The Globe and Mails Patrick Martin (the papers former Middle East Correspondent), is reporting that Jordan is asking the Canadian government to seize the Dead Sea Scrolls on display in Toronto Canada.
Summoning the Canadian charg d’affaires in Amman two weeks ago, Jordan cited the 1954 Hague Convention for the Protection of Cultural Property in the Event of Armed Conflict, to which both Jordan and Canada are signatories, in asking Canada to take custody of the scrolls, said Martin.
It appears highly unlikely that this request will get anywhere. In the same story a spokesperson for the Canadian Ministry of Foreign Affairs said that, differences regarding ownership of the Dead Sea scrolls should be addressed by Israel, Jordan and the Palestinian Authority. It would not be appropriate for Canada to intervene as a third party.
Since the scrolls arrival in Toronto last summer, they have been no stranger to controversy.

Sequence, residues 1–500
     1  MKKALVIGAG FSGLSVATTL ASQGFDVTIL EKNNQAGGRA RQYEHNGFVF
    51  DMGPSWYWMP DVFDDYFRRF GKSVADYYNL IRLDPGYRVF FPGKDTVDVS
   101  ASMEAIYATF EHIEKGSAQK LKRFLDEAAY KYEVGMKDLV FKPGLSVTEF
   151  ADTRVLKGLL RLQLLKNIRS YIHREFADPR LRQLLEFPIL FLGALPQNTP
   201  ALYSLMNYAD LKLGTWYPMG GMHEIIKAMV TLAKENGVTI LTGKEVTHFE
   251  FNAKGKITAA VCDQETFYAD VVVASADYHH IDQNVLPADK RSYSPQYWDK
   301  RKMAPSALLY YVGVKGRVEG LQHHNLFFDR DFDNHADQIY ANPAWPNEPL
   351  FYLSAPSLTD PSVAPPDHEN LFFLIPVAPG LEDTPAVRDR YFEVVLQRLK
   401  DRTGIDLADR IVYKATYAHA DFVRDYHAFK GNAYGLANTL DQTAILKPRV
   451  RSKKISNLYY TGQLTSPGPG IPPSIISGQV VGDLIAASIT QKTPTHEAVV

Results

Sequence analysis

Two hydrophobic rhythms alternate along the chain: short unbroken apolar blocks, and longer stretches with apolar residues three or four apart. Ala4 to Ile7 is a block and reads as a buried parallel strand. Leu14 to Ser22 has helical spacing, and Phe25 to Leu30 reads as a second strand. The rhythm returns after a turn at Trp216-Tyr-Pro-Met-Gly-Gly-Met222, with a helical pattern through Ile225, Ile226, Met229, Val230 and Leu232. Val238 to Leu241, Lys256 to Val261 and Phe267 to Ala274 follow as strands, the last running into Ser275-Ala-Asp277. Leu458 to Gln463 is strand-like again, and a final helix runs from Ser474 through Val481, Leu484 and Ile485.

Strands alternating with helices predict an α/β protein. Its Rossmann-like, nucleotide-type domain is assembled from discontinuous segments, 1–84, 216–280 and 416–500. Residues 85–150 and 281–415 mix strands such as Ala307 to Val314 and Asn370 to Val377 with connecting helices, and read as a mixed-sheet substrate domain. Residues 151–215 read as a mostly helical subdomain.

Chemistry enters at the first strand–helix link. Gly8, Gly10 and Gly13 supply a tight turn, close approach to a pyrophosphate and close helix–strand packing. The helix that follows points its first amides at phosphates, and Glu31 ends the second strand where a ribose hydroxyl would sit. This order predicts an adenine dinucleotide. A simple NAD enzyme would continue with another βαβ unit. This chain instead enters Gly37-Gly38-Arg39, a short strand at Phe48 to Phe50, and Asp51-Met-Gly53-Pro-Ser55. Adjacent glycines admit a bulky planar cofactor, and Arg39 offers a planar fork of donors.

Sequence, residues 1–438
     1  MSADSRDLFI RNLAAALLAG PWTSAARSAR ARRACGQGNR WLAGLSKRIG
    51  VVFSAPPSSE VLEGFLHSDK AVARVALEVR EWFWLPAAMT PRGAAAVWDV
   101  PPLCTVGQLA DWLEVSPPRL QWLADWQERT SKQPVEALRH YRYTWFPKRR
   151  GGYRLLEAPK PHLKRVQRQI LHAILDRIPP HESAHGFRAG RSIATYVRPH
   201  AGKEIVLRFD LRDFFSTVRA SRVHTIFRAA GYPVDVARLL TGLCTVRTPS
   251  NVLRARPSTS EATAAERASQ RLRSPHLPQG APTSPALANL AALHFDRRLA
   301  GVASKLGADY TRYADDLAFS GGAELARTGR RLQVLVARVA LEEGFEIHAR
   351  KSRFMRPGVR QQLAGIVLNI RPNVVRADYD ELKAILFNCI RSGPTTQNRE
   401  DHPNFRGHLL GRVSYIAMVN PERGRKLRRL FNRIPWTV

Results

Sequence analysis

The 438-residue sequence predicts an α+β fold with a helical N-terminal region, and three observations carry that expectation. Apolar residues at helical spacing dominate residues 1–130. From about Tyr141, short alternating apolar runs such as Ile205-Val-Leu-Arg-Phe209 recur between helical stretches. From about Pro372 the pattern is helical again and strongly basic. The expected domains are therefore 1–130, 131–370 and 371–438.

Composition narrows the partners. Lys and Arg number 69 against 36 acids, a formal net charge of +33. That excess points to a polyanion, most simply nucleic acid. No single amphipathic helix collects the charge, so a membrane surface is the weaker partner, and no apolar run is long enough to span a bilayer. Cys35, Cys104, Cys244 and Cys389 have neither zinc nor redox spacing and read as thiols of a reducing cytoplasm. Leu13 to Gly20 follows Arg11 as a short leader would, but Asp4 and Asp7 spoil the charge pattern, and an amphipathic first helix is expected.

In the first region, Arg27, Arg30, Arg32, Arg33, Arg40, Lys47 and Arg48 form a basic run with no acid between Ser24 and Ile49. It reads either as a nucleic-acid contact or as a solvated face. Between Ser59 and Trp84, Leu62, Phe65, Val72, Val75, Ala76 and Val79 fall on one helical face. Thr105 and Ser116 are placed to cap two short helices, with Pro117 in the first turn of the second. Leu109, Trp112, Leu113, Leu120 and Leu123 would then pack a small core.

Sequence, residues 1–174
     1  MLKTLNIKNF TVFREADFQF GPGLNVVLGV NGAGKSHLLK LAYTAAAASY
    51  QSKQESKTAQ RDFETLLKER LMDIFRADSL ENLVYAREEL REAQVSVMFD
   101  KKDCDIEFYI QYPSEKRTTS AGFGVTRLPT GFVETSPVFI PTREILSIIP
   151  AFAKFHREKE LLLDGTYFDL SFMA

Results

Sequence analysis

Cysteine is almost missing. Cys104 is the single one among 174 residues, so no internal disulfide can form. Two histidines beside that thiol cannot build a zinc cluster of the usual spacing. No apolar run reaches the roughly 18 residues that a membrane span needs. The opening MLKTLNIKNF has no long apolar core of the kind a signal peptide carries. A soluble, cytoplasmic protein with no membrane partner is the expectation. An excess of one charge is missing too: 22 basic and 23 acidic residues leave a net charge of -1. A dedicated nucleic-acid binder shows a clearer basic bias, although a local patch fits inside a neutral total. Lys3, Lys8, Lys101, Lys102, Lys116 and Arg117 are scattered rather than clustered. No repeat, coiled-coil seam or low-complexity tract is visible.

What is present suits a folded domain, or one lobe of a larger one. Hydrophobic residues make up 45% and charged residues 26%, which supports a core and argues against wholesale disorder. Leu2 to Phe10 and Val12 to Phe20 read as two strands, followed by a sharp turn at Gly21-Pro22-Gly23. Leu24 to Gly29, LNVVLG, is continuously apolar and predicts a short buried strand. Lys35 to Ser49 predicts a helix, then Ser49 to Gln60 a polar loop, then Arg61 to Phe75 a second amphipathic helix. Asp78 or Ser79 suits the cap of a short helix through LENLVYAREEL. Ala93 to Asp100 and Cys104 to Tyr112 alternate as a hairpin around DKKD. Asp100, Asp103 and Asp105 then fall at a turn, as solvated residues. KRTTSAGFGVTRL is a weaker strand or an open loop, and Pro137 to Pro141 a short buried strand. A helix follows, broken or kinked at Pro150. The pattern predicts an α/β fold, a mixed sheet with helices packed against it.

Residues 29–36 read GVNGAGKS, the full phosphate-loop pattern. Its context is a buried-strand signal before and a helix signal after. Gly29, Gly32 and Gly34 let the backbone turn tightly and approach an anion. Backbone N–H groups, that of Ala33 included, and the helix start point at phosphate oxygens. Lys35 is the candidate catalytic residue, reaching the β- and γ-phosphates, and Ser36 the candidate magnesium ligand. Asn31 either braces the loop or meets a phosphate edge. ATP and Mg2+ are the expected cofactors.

Heritage Key reported on a street protest that took place outside the museum a few months back. Videos of it have since appeared on Youtube. Also the prime minister of the Palestinian Authority demanded last spring that the museums exhibition be cancelled.
The question of who should handle the Dead Sea Scrolls is a tough one. The site of Qumran is actually in the West Bank. When the scrolls were discovered in the 1940s and 1950s Jordan controlled the territory. Many of the fragile parchments were stored in the Rockefellar Museum in East Jerusalem.
In the 1967 war the Israelis gained control of the whole of Jerusalem. They then assumed custody of the scrolls.
To make things even more complicated the Palestinian Authority formed a government in the West Bank during the 1990s. Its an entity that is independent of Jordan. They too have a claim on the scrolls.
So the question of who should control these ancient writings is a messy one. However, Israel has given no signal so far that it is willing to cede control of the scrolls to Jordan or the Palestinians.